However, “process failures” are inherent issues in the process (like an incorrect mixing time or an incorrect weight documented in the procedure). These are not “errors” as in the previous sense, because the problem would have happened even if the operator followed the procedure and the equipment functions properly. They result from flaws in the process as it has been designed or documented.
Definitions aside, any error or failure situation must be investigated to identify the cause that triggered the issue. We can’t assume a mistake occurred simply because a person was involved; we must determine and provide evidence of that mistake, if it did in fact happen. We also can’t assume that a failure resulted from a mistake; it may indicate something went wrong in our process, and as a result, it can’t be discounted and must be investigated.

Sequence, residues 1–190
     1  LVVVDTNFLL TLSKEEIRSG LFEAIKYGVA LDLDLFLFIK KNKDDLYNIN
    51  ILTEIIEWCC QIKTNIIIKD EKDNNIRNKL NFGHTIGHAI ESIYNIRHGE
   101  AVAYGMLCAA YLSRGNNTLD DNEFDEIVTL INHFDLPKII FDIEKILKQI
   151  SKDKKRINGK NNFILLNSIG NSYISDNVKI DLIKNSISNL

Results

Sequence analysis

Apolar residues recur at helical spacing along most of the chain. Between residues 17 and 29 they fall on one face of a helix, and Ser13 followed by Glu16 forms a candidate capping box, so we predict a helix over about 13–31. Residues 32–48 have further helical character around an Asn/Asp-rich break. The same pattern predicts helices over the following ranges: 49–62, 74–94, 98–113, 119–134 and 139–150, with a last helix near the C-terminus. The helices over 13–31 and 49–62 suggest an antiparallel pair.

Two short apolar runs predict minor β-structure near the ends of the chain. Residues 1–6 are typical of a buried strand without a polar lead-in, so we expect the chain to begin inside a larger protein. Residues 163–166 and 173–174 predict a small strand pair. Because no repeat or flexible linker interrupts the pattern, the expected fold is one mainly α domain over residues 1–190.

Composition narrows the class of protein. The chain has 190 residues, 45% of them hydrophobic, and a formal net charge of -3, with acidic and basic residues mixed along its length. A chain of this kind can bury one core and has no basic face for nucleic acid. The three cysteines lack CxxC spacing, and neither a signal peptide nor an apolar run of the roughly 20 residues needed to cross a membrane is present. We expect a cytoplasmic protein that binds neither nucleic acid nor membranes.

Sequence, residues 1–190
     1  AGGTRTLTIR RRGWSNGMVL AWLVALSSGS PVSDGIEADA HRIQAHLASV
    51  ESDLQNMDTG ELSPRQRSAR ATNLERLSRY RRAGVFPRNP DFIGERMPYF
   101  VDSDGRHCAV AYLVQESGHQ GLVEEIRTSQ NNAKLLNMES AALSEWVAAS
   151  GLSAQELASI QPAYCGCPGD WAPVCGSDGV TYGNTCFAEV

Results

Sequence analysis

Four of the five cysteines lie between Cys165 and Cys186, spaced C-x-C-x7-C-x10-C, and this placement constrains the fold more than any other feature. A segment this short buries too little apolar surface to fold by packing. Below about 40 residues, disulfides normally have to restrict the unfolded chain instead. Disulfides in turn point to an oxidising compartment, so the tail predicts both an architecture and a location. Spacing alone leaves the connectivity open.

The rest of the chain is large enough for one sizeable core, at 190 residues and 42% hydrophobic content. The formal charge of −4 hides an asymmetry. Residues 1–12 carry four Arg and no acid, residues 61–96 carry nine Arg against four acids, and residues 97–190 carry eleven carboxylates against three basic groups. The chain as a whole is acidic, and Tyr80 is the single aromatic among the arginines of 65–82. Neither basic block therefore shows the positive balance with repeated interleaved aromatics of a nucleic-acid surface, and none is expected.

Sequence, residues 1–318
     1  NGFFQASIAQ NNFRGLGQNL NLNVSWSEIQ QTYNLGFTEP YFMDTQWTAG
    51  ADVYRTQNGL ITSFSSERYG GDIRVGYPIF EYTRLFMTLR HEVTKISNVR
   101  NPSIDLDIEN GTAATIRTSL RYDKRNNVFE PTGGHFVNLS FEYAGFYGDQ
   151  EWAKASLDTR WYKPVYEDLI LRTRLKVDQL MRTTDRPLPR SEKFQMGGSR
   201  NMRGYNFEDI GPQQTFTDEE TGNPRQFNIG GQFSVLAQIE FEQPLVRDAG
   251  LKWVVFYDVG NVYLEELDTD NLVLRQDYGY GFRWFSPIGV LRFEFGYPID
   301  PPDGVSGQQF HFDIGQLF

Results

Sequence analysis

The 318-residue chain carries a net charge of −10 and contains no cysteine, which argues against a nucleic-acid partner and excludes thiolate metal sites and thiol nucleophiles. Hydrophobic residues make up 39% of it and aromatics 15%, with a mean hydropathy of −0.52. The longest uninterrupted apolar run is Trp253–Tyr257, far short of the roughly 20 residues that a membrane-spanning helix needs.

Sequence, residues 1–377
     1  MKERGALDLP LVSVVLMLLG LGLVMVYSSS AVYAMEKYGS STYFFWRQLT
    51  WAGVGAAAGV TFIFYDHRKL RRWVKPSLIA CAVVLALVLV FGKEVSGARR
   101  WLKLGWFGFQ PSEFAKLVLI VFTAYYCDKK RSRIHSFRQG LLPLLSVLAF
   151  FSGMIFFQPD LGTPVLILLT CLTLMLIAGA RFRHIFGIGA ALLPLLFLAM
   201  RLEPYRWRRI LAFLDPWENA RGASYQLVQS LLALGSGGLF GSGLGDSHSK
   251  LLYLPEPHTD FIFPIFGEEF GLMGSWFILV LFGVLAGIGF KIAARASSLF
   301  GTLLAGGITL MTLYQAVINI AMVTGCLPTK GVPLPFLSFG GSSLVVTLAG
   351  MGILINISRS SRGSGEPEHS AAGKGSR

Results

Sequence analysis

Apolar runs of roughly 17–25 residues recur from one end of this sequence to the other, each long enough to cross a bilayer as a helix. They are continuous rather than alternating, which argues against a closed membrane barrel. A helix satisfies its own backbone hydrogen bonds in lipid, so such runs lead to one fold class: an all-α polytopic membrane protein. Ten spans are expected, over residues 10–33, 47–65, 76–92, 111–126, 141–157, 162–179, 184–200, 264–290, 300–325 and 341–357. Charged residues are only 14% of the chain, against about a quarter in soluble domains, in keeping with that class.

This is one reason why frequently citing human error as the root cause in investigations is a concern — it effectively says that a thorough investigation of the problem didn’t occur. (See the article Human Error Is The Leading Cause Of GMP Deviations – Or Is It? for a more thorough discussion of identifying root cause when issues appear to be human errors.)
5. Documentation describing each step of the process, and associated investigations, must be preserved.
At heart, data is evidence — proof that we executed procedures as required and, in doing so, produced good quality product. And we have to be able to trust the quality assessment our data provides, meaning there can be no holes in the story it tells. This includes appropriate justification for invalidating data, providing scientific rationale for decisions made and logical representation of results — even those that fail.